Yogi’s Saffron Revolution

Raman Swamy

Before Adityanath became the Chief Minister of Uttar Pradesh, the colour saffron used to denote renunciation. Not anymore. Today saffron is the symbol of the raging fire that purifies the mind and destroys ungodly practices and customs.

In six short weeks, the Yogi has sparked off a saffron revolution to stamp out social evils like cow slaughter and love jihad and enforce adherence to the dharmic virtues of duty, morality and faith that are the bedrock of vedic teachings.

Quick to express loyalty to the bhagwa movement, the Deputy Chief Minister Keshav Prasad Maurya has come out with an ingenious idea – to make saffron the colour of school uniforms in all educational institutions in UP. This would not only inculcate a spirit of religiosity and devotion to duty in young minds but would also ensure that the citizens of tomorrow are free of greed, lust and other evil instincts.

The Yogi has not yet agreed to the proposal perhaps because he realsies that it is too soon to expect universal acceptance among the 22 crore of people in the State. Already there are signs of a backlash to imposition of saffron governance. The mushrooming of numerous vigilante squads belonging to various saffron outfits are causing unforeseen problems by attacking innocent couples in parks and legitimate cattle transporters on highways.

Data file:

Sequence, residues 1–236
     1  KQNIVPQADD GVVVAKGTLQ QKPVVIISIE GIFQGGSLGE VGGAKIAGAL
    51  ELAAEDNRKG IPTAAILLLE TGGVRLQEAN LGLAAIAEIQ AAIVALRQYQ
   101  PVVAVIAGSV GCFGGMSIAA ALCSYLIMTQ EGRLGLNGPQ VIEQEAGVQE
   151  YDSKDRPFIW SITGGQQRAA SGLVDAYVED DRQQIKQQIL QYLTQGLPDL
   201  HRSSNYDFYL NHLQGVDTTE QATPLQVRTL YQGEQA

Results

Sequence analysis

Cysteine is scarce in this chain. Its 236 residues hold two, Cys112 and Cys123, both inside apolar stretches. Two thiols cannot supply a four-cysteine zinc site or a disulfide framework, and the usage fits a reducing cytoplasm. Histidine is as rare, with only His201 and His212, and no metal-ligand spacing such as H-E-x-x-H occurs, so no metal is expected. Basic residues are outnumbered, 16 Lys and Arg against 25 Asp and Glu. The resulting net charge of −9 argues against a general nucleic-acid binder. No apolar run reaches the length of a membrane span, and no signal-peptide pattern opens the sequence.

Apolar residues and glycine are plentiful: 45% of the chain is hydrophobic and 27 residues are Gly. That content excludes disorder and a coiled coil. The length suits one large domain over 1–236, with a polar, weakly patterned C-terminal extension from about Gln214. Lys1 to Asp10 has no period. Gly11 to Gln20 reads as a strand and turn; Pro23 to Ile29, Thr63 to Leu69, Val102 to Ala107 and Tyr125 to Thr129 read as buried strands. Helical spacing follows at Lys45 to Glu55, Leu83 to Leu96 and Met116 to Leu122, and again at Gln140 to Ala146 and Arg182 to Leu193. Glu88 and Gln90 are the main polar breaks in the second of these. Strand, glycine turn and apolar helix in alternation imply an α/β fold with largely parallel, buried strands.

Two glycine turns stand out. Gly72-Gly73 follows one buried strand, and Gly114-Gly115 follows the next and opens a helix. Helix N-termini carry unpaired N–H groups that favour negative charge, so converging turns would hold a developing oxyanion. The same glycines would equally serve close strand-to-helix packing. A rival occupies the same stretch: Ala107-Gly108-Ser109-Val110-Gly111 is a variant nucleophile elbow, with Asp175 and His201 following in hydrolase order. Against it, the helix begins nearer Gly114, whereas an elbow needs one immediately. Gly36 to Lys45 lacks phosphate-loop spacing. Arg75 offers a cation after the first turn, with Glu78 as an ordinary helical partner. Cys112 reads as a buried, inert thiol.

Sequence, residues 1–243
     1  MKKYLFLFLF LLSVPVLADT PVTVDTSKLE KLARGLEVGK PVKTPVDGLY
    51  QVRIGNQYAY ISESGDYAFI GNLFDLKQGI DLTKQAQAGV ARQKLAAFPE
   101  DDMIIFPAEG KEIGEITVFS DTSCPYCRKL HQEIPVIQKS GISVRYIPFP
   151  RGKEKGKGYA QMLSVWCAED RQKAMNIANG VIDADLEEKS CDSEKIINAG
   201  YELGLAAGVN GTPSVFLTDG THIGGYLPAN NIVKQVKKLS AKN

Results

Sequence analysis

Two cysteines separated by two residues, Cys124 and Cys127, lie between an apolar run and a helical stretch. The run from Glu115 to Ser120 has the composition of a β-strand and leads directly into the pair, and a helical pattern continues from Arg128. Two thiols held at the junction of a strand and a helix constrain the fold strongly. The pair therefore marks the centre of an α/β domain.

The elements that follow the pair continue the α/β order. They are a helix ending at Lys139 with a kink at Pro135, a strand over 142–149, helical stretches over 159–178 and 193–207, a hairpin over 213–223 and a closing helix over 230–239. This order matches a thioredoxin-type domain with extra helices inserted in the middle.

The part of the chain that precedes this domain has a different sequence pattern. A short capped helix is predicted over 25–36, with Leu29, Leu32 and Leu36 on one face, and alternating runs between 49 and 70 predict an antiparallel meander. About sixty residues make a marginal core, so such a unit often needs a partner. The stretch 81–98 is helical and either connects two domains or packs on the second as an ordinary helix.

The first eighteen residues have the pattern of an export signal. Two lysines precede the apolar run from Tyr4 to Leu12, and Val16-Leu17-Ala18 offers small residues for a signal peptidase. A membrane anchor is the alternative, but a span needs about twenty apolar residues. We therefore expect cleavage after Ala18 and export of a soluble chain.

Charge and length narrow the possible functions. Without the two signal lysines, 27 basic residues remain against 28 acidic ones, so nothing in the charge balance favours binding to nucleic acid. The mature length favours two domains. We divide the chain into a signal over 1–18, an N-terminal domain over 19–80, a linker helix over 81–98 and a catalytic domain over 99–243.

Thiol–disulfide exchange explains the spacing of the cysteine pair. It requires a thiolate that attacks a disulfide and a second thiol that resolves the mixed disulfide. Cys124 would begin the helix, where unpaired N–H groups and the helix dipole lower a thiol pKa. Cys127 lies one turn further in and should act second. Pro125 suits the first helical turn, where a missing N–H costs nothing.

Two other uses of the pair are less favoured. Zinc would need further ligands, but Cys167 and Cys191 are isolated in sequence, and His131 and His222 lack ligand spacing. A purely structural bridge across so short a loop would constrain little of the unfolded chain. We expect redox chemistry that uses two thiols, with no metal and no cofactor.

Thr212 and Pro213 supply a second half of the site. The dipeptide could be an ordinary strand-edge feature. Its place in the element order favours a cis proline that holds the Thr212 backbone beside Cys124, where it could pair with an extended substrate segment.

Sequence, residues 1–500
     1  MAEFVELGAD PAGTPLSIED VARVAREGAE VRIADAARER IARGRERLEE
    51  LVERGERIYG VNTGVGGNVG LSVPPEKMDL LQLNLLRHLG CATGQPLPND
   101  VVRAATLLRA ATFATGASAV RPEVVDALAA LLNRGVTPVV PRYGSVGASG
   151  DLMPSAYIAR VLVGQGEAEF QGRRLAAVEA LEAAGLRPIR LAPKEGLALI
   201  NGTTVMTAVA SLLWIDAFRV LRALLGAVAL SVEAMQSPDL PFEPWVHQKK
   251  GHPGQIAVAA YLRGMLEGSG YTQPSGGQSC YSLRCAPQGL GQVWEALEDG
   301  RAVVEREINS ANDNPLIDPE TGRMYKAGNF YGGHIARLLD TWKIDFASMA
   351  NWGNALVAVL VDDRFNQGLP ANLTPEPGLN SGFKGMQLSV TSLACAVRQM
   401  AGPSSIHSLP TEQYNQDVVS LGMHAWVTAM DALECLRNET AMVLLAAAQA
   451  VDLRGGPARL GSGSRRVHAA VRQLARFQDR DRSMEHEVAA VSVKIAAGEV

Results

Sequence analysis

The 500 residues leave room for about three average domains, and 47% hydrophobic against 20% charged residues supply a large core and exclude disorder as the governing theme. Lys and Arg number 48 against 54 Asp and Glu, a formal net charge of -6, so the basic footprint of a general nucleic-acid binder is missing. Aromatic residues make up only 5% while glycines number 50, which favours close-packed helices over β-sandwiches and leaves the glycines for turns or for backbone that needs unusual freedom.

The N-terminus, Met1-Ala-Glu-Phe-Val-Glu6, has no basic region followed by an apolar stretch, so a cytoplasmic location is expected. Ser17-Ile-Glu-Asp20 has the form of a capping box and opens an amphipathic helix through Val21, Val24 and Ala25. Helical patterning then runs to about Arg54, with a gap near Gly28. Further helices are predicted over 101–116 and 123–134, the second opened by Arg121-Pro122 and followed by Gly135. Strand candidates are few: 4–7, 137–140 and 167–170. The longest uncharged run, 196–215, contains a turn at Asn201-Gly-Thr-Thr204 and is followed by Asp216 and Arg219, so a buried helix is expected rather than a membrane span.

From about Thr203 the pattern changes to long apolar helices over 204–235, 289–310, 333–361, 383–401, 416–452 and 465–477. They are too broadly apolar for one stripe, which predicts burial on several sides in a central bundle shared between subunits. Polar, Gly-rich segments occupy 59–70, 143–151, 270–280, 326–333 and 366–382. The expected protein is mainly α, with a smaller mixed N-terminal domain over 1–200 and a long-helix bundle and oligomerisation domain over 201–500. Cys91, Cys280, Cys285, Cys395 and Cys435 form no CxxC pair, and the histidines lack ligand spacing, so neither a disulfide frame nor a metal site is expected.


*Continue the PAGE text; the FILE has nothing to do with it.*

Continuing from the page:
A reverse situation arose last week in Agra, a group of fashion models from foreign countries were asked to remove their saffron scarves before entering the Taj Mahal. The models, who had come to India to participate in a prestigious international competition in New Delhi, had bought scarves and stoles from the holy city of Mathura on the way to Agra.

Not being allowed to enter the Taj Mahal complex without removing their saffron cloths created a piquant situation that snowballed into a serious law and order problem which remains unresolved even after a week. Activists of the Vishwa Hindu Parishad and the Bajrang Dal staged demonstrations outside the historic monument, which is not only the pride of India’s tourist attractions but also a universal symbol of love.

The Tourism Guild of Agra is already concerned about the steady decline in the number of foreign tourists visiting the Taj.  A number of factors are said to be responsible for the fall in visitor numbers – global recession, political instability, terror threat perception and demonetisation. If saffron politics and communal tension are added to this list it would be disastrous for the tourism industry.

Which is why the Union minister for culture and tourism Mahesh Sharma has since come out with a clarification, which would have been strange in any other context. He said: “There is no restriction on colour, religious design or inscriptions on the scarves or dresses of visitors coming to see the Taj Mahal”.

But this seems to have goaded the saffron flag waving street gangs and vigilante squads to further activism.

The agitation soon spread to other areas. Bajrang Dal activists manhandled a circle officer at Fatehpur Sikri, 36 kilometre from Agra. Protesters attacked the Sadar police station. The agitators also torched the motorcycle of a sub-inspector of police. The incident recorded in police diaries as a fallout of a “local dispute involving members of two communities”.

Hence violence involving over-zealous saffron organisations in various parts of Uttar Pradesh is proving to be an embarrassment for the Yogi. The last thing he wants is to earn the label of UP being a jungle raj. Even though saffron is the symbol of a mental revolution and a mass movement, it will more prudent to make haste slowly.

Vol. 49, No.45, May 14 - 20, 2017